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Multi-phenotypic Role of Serum Response Factor in the Gastrointestinal System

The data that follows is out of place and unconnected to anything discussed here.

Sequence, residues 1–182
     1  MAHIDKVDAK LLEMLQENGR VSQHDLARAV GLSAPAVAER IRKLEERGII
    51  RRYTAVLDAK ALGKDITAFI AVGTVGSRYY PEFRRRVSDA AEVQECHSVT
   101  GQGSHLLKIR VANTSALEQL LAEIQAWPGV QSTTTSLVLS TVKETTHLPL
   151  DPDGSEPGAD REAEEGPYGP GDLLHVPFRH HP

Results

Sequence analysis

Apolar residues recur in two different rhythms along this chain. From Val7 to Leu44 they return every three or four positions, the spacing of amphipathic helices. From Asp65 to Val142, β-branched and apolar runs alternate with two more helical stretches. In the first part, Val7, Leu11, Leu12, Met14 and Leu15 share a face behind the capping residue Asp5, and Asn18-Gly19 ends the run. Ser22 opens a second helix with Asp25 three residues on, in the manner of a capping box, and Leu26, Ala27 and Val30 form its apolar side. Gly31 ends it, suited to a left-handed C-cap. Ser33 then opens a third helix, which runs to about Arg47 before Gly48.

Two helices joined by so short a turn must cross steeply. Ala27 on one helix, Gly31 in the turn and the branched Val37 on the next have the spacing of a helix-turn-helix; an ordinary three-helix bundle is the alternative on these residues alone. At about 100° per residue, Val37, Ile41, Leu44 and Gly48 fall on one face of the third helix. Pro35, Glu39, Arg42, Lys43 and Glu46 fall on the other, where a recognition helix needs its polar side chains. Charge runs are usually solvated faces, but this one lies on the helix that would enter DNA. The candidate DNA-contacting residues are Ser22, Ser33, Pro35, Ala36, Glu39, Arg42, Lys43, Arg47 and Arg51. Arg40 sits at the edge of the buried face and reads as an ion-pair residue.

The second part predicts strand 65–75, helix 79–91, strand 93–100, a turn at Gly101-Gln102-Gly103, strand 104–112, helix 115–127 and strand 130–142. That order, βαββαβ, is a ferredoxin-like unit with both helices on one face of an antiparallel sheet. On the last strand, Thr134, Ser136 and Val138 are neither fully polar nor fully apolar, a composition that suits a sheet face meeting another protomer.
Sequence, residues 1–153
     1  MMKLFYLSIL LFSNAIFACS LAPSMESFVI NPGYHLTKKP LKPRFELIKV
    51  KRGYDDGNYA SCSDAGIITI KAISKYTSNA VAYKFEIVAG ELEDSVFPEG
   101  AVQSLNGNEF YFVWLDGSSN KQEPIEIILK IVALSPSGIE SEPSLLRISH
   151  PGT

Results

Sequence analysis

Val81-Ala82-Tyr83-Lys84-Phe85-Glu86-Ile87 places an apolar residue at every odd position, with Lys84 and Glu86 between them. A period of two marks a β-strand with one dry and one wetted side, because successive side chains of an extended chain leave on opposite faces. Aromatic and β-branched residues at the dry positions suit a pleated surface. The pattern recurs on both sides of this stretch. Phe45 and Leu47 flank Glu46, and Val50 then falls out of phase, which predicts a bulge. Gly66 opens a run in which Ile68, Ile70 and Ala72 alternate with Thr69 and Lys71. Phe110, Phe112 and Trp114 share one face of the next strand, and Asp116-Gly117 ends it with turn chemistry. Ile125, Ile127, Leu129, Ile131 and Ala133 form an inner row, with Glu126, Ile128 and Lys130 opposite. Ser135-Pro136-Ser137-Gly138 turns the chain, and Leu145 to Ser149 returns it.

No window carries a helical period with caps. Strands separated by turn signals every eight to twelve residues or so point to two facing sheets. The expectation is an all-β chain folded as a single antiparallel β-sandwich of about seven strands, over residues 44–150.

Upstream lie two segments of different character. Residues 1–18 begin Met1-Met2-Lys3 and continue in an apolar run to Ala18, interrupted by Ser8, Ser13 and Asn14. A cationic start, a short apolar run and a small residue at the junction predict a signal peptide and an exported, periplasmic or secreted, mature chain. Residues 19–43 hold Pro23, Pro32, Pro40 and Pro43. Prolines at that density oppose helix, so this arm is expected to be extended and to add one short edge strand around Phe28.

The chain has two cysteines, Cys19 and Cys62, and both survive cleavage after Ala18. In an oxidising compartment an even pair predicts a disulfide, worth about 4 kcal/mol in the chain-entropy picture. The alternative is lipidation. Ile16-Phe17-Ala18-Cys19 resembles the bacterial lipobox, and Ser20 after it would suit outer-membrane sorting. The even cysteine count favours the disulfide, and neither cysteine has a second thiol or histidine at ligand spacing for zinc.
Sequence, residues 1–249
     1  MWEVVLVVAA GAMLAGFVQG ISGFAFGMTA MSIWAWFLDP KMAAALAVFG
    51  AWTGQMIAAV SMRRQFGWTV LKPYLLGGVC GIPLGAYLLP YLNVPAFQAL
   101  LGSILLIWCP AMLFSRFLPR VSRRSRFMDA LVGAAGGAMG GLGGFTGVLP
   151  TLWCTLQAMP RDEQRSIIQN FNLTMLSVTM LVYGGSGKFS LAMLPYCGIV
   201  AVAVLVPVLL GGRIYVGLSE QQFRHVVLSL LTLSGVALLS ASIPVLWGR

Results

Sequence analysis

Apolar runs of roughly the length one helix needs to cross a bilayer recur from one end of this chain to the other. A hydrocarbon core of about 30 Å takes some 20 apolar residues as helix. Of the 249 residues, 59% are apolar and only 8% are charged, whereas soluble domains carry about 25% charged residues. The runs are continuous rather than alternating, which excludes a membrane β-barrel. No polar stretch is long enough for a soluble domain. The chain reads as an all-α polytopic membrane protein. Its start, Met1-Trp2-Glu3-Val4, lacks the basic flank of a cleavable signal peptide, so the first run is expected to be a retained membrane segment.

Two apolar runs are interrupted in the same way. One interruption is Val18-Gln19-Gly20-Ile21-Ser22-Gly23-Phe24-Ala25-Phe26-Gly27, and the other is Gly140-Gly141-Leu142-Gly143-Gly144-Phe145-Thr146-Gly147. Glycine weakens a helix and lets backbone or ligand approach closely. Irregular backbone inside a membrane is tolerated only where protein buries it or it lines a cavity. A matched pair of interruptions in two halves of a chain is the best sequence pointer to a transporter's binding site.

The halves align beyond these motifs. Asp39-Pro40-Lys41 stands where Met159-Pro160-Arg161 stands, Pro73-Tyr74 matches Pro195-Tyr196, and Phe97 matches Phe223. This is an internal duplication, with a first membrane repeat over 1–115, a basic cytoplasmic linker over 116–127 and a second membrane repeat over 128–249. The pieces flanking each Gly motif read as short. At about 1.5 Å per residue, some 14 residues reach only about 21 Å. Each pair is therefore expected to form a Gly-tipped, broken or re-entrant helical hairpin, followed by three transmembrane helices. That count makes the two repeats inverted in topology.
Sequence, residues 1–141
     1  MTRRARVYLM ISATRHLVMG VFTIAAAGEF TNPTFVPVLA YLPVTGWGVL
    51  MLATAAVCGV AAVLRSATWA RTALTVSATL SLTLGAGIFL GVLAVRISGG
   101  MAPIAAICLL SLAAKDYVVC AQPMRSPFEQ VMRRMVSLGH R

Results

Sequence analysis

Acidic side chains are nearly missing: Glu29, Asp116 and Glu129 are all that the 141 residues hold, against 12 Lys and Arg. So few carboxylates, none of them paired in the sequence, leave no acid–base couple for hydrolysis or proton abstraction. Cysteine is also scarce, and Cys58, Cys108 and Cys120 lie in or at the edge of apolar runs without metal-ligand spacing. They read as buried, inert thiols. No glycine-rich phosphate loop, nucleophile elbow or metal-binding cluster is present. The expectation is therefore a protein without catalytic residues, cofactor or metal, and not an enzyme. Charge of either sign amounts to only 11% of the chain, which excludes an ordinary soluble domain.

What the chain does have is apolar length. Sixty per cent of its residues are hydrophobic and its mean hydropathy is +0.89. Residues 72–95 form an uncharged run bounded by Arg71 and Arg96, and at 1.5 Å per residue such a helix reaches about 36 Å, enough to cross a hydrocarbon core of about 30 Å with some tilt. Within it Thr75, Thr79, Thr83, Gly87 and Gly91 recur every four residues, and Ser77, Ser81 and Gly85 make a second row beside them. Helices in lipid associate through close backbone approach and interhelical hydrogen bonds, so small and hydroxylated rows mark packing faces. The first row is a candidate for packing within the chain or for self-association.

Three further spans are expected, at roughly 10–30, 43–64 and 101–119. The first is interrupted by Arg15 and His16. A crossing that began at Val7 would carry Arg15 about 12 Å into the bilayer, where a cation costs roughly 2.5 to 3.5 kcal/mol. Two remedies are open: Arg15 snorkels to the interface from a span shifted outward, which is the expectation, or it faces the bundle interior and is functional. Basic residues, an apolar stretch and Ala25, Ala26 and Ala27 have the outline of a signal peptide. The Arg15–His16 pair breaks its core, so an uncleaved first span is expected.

Serum response factor (SRF) is a master transcription factor of the actin cytoskeleton that binds to highly conserved CArG boxes located within the majority of smooth muscle cell (SMC)-restricted promoters/enhancers. Although most studies of SRF focus on skeletal muscle, cardiac muscle, and vascular SMCs, SRF research has recently expanded into the gastrointestinal (GI) system. Genome scale analyses of GI SMC transcriptome and CArG boxes (CArGome) have identified new SRF target genes. In addition to circular and longitudinal smooth muscle layers, SRF is also expressed in GI mucosa and cancers. In the GI tract, SRF is the central regulator of genes involved in apoptosis, dedifferentiation, proliferation, and migration of cells. Since SRF is the cell phenotypic modulator, it may play an essential role in the development of myopathy, hypertrophy, ulcers, gastric and colon cancers within the GI tract. Given the multifunctional role displayed by SRF in the digestive system, SRF has received more attention emerging as a potential therapeutic target. This review summarizes the findings in SRF research pertaining to the GI tract and provides valuable insight into future directions.